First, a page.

Cauda Equina Syndrome Treatment

The spinal cord ends near the first lumbar vertebra in the lower back, forming the conus medullaris. The fibrous extension of the spinal cord is the filum terminale. The buncle of nerve roots below the conus medullaris is named the cauda equine.
 
Compression or inflammation of the nerve roots can cause symptoms of pain, altered reflexes, decreased strength, and decreased sensation. Although these symptoms can become severe, and in some cases disabling, most are self-limiting and respond to conservative care.
 
An extreme version of nerve compression or inflammation is cauda equine syndrome. Cauda equina syndrome is a serious condition caused by compression of the nerves in the lower portion of the spinal canal (see Multimedia File 2). Cauda equina syndrome is considered a surgical emergency because if left untreated it can lead to permanent loss of bowel and bladder control and paralysis of the legs.
 
Cauda Equina Syndrome Causes
Cauda equina syndrome is caused by significant narrowing of the spinal canal that compresses the nerve roots below the level of spinal cord. Numerous causes of cauda equina syndrome have been reported, including traumatic injury, disk herniation, spinal stenosis, spinal tumors (neoplasms), such as metastatic tumors, meningiomas, schwannomas, and ependymomas, informatmatory conditions, infectious condtions, and accidental causes by medical intervention (iatrogenic causes).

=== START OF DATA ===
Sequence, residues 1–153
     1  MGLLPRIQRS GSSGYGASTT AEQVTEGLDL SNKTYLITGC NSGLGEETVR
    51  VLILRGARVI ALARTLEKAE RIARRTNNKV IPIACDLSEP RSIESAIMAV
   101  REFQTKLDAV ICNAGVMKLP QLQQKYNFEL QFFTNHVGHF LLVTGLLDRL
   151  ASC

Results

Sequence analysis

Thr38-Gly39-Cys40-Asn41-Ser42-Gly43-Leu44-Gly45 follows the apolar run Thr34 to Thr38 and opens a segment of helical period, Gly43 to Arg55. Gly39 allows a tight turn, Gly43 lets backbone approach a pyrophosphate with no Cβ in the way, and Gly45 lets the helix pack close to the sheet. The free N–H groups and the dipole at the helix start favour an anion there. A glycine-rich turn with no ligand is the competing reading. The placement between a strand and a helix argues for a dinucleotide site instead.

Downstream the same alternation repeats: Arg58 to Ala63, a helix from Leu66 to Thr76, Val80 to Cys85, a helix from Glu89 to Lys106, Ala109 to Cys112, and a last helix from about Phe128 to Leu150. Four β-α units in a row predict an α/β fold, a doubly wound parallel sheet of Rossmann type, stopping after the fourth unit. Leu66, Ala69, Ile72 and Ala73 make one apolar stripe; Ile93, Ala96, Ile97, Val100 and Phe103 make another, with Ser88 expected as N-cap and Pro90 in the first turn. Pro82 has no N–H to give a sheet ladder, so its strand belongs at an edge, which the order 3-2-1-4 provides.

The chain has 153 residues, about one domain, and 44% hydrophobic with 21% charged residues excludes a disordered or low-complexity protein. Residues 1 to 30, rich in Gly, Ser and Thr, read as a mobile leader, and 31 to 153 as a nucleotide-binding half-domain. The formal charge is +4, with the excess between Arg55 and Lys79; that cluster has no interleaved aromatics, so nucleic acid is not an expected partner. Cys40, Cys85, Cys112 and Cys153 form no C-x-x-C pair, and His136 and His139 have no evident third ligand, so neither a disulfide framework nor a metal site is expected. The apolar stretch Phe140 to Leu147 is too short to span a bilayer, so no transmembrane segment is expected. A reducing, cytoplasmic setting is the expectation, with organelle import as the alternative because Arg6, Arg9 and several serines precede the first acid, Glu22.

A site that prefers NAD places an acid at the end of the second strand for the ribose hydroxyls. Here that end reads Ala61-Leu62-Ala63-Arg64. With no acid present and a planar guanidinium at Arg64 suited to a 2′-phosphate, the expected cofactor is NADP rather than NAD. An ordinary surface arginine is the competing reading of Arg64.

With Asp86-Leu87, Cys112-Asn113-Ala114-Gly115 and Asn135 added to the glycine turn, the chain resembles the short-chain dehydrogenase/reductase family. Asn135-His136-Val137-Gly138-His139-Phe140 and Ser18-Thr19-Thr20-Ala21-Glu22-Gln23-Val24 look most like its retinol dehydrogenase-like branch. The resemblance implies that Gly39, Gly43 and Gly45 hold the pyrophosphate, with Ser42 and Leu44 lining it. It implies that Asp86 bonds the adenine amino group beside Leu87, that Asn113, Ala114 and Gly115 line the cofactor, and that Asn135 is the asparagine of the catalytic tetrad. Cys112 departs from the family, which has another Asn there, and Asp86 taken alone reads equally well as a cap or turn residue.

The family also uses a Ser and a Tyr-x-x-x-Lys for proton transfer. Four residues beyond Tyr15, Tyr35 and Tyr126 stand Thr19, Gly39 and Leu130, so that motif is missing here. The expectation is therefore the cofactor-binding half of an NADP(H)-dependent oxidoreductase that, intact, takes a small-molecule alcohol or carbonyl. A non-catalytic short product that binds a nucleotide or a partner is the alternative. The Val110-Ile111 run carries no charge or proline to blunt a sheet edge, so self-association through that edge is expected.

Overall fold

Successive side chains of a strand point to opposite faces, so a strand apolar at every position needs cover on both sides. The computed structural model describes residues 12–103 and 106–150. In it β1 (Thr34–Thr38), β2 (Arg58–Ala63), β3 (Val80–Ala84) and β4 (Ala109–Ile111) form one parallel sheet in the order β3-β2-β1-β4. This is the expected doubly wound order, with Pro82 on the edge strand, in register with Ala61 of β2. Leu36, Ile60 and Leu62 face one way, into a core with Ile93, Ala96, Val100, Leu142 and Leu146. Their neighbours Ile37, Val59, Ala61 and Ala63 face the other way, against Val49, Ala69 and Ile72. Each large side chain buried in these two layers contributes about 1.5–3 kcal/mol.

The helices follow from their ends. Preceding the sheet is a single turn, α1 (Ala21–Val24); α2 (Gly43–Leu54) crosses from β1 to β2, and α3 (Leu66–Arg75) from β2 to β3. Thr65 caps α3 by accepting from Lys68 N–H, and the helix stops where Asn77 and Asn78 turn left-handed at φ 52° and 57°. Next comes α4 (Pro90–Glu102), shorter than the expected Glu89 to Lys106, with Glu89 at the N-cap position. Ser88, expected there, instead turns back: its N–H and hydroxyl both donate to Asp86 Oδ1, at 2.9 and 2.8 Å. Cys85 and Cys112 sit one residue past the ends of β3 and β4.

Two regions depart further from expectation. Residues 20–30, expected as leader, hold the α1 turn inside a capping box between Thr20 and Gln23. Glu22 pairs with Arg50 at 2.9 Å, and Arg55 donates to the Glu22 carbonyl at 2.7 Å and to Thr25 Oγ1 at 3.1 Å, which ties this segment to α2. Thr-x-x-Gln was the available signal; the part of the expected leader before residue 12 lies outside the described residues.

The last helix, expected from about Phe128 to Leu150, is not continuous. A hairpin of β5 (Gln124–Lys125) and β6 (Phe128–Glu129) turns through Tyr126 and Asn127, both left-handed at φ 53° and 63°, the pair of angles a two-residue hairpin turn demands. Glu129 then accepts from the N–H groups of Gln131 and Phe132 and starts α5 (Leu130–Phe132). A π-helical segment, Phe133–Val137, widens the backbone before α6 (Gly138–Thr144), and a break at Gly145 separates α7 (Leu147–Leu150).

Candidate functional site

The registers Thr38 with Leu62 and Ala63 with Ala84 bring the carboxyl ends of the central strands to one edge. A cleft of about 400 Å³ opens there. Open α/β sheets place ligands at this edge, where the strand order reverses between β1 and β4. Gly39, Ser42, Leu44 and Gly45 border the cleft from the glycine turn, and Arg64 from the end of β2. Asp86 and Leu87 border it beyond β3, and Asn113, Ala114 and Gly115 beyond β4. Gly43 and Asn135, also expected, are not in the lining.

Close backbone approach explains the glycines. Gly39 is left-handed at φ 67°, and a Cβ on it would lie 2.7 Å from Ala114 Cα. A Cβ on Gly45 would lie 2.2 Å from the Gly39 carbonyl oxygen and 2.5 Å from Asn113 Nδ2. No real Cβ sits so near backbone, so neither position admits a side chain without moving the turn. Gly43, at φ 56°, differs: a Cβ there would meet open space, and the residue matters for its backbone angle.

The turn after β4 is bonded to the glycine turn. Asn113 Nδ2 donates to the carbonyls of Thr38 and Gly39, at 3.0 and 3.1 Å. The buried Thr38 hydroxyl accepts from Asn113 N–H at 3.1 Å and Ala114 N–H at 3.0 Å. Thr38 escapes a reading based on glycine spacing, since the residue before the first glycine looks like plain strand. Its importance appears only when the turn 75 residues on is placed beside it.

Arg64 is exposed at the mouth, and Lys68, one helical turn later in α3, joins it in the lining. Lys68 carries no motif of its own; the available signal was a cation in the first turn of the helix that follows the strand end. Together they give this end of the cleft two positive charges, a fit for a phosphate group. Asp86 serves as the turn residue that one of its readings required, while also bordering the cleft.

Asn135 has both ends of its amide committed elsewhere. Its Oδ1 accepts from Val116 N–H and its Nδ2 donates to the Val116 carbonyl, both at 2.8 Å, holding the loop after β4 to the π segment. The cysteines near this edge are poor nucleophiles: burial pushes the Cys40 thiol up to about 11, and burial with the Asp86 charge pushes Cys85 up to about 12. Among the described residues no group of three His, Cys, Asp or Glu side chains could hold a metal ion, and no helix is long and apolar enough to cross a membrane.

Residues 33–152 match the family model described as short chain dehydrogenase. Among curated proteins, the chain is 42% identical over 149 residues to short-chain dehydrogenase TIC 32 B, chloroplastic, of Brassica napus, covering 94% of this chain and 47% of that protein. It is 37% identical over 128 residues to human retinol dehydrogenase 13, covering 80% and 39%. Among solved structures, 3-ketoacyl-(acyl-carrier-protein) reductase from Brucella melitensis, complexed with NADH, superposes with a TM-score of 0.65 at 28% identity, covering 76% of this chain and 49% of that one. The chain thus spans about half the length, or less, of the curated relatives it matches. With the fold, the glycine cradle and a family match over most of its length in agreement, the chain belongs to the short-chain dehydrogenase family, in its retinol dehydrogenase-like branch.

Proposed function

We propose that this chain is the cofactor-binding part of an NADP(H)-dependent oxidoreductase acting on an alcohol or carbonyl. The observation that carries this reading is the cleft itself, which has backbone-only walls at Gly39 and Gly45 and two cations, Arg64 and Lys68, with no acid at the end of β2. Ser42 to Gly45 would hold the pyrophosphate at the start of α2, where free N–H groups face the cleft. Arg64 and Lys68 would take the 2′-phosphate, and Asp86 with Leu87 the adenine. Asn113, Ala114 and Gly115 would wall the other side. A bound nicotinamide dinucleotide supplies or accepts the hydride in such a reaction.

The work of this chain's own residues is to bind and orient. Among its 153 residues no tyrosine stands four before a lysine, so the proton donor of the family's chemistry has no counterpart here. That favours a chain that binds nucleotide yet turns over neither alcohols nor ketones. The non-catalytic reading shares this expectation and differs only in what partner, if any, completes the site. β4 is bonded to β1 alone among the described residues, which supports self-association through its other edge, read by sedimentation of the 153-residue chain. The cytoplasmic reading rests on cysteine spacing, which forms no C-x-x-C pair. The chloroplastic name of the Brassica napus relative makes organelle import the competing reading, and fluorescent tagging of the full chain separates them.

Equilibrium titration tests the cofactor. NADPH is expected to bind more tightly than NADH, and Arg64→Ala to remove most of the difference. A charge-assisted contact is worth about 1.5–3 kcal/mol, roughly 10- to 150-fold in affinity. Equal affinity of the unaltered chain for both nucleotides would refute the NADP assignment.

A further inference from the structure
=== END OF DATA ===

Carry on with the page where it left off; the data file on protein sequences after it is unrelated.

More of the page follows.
Surgery
In many cases of cauda equina syndrome, emergency decompression of the spinal canal is the best treatment option. The goal is to relieve pressure on the nerves of the cauda equina by removing the compressing structures and increasing the space available for the nerves in the spinal canal. Traditionally, cauda equina syndrome has been considered a surgical decompression considered necessary within 48 hours of the onset of symptoms.
 
 

Local MD's explain Glioblastoma, aggressive type of Brain Cancer

News of Senator John McCain’s cancer diagnosis shocked the world last week.
The former prisoner of war and Republican presidential nominee has an aggressive brain cancer called, Glioblastoma.
Glioblastoma, or more commonly known as GBM, is a type of brain cancer that doctors say is not only aggressive, but can spread quickly.
While Sen. McCain’s doctors say he’s exploring future treatment options, his diagnosis prompted 6-News to take a closer look at the type of brain cancer that affects thousands of Americans.